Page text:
28. Charles Arthur Tucker Biographical Records; South Pacific Division of the General Conference Archives, folder: “Tucker, Charles Arthur Tucker,” document: “Biographical Information Blank, April 15, 1950.”

  29. Charles Arthur Tucker Sustentation Records, South Pacific Division of the General Conference Archives, folder: “Tucker, Charles Arthur Tucker,” document: “Weekly Rates.”

  30. Nerice Allum, email to author, January 2, 2019.

  31. Charles Arthur Tucker Sustentation Records, South Pacific Division of the General Conference Archives, folder: “Tucker, Charles Arthur Tucker,” document: “Weekly Rates.”

  32. Charles Arthur Tucker Sustentation Records, South Pacific Division of the General Conference Archives, folder: “Tucker, Charles Arthur Tucker,” document: “A. H. Forbes to W. R. Wilson, April 14, 1970.”

  33. W. F. Taylor, “Eulalia Tucker obituary,” Australasian Record, May 21, 1973, 15.

  34. E. R. Tucker, “Tucker-Martin marriage,” Australasian Record, May 13, 1974, 15.

  35. Ibid.

  36. S. R. Goldstone and D. Martin, “Kathleen Tucker obituary,” Record, June 1, 1996, 15.

  37. Nerice Allum, email to author, January 2, 2019.

  38. S. R. Goldstone and D. Martin, “Kathleen Tucker obituary,” Record, June 1, 1996, 15.

  39. S. R. Goldstone, W. Pascoe, and S. Berkley, “Charles Tucker obituary,” Record, October 26, 1996, 14.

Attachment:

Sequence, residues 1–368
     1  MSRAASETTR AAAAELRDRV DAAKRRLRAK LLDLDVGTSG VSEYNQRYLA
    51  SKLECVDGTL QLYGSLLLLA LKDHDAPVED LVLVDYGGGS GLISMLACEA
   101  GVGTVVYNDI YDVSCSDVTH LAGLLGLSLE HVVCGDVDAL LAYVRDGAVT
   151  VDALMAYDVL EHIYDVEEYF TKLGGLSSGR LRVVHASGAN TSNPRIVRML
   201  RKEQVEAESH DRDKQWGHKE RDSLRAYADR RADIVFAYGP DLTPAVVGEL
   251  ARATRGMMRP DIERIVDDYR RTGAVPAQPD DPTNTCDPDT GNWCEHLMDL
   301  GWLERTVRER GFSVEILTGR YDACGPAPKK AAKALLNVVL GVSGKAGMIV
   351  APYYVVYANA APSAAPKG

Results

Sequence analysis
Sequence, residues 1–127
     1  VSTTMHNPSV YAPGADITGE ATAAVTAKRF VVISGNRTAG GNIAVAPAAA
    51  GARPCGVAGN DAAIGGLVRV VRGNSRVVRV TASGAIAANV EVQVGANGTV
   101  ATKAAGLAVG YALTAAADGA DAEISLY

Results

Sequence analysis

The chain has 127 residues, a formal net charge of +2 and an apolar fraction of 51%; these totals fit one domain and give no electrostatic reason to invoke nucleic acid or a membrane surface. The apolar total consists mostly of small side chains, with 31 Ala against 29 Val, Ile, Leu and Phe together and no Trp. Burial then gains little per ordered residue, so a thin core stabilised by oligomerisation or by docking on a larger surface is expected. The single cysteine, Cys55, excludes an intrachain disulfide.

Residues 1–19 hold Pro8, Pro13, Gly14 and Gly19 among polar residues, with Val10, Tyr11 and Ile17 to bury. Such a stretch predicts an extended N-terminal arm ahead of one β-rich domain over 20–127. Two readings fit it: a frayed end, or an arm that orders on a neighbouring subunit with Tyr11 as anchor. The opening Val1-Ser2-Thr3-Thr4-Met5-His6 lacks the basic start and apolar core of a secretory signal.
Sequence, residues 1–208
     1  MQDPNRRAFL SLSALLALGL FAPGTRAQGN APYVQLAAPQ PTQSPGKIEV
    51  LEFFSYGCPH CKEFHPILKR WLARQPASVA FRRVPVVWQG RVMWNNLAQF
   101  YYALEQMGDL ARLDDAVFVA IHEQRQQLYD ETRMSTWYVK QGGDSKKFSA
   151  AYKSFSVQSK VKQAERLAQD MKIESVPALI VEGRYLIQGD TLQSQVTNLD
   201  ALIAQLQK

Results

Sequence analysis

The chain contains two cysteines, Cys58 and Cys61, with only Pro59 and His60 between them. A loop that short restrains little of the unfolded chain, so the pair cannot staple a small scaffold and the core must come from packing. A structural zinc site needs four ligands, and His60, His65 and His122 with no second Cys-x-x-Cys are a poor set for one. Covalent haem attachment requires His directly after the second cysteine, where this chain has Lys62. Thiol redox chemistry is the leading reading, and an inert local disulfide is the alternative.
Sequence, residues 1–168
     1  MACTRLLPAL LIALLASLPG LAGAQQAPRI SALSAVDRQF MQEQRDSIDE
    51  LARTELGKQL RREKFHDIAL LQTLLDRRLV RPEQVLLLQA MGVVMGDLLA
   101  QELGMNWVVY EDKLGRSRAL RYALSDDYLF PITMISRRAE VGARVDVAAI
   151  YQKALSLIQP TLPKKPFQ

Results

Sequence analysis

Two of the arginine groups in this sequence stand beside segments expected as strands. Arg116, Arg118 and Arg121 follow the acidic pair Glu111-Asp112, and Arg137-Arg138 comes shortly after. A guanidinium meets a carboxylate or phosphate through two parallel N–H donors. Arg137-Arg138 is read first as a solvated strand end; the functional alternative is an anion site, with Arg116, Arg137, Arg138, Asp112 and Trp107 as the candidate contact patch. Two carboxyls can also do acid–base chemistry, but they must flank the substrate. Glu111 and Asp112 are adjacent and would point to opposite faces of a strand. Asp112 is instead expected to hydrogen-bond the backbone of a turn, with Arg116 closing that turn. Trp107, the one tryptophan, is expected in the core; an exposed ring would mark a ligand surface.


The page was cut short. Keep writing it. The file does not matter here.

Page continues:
40. Personal knowledge of the author as the pastor of Kathleen and Charles Tucker for a number of years and who conducted Charles Tucker’s funeral service.

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Goldstone, Ross. "Tucker, Charles Arthur (1909–1996) and Eulalia Beryl Hawken (1912–1973)." Encyclopedia of Seventh-day Adventists. January 09, 2021. Accessed September 21, 2021. https://encyclopedia.adventist.org/article?id=C86Q.

Goldstone, Ross. "Tucker, Charles Arthur (1909–1996) and Eulalia Beryl Hawken (1912–1973)." Encyclopedia of Seventh-day Adventists. January 09, 2021. Date of access September 21, 2021, https://encyclopedia.adventist.org/article?id=C86Q.

Goldstone, Ross (2021, January 09). Tucker, Charles Arthur (1909–1996) and Eulalia Beryl Hawken (1912–1973). Encyclopedia of Seventh-day Adventists. Retrieved September 21, 2021, https://encyclopedia.adventist.org/article?id=C86Q.